You know that good nutrition is important for your child’s physical health. But did you know it’s also critical for their mental health as well? Hippocrates, the father of medicine said, “Let food be thy medicine and medicine be thy food.”

With that in mind, here are 4 tips for raising healthy eaters.

1. Give Your Kids Whole Foods – Not Processed

As much as possible, serve your kids fresh foods free of preservatives, additives, and excess sugar. To do this, you’ve got to read those labels.

For instance, your child, like many others, may want to eat peanut butter sandwiches for lunch every day. But most commercial peanut butters typically include added preservatives and copious amounts of sugar. Try and find peanut butter made only from fresh peanuts and no additives.

2. Healthy Breakfasts

Starting your child’s day with a healthy breakfast high in protein and whole grains and low in sugar will set them up for a day of learning and physical activity. While it’s hard to get the family together for breakfast, sitting down with them to eat is a great way to get them to gobble up their eggs instead of lamenting over the bowl of sugary cereal they can’t have. Plus, this morning time is a great opportunity to talk with them about their goals and hopes for the day.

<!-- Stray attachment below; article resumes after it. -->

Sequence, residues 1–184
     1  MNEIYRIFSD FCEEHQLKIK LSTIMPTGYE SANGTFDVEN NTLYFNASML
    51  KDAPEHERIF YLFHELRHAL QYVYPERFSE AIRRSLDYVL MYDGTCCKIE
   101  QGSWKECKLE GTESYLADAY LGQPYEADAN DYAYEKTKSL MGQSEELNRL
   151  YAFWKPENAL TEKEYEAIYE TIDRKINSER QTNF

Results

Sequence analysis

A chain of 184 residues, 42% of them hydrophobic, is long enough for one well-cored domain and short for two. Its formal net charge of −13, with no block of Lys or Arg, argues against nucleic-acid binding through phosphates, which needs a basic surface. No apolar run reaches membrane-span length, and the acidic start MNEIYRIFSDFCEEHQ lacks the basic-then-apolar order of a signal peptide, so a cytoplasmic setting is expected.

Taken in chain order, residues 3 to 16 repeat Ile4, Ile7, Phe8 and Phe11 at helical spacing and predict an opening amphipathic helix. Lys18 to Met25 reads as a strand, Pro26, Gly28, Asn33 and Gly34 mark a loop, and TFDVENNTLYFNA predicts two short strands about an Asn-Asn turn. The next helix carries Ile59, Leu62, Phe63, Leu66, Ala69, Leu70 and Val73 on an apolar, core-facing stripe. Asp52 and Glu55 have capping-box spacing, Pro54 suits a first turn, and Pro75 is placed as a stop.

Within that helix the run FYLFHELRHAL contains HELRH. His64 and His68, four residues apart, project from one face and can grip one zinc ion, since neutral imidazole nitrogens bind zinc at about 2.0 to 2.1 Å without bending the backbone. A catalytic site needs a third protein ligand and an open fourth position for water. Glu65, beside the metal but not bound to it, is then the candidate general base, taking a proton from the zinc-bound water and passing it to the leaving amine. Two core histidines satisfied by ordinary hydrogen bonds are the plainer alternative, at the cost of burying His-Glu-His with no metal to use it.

3. Essential Omega Fatty Acids

A new study suggests that supplementing kids diets with omega-3 and omega-6 acids may improve problem behavior in children and adolescents with ADHD. Omega-3 and omega-6 fatty acids are called “essential” acids because the body needs them to build healthy cells and maintain brain and nerve function.

Omega-3 acids can be found in fatty fish such as salmon, mackerel and tuna, as well as from walnuts and flaxseeds. Other nuts such as cashews and almonds (try almond butter instead of peanut butter) contain omega-6 as well as omega-3. Try the classic tuna fish sandwich for lunches and sprinkling chopped nuts onto oatmeal in the morning.

4. Let Your Kids Help You Prepare Meals

People who prepare fresh meals made from whole foods tend to be healthier than people who eat primarily packaged foods. It’s important to teach kids early that taking a little time to prepare a meal (instead of microwaving a frozen dinner) will ultimately lead to a healthier and happier life.

Kids love to help in the kitchen, so invite yours to help prepare family meals. Show them how quick and easy it can be to create a healthy dinner.

While good nutrition can go a long way in helping children deal with and overcome mental health challenges, such as ADHD, sometimes speaking with a family therapist can also help a family to communicate more effectively and begin healing.

If you or a loved one is interested in exploring treatment, please contact us today. We would be happy to speak with you about how we may be able to help.

Priscilla Hurd, LPC, M.Ed.

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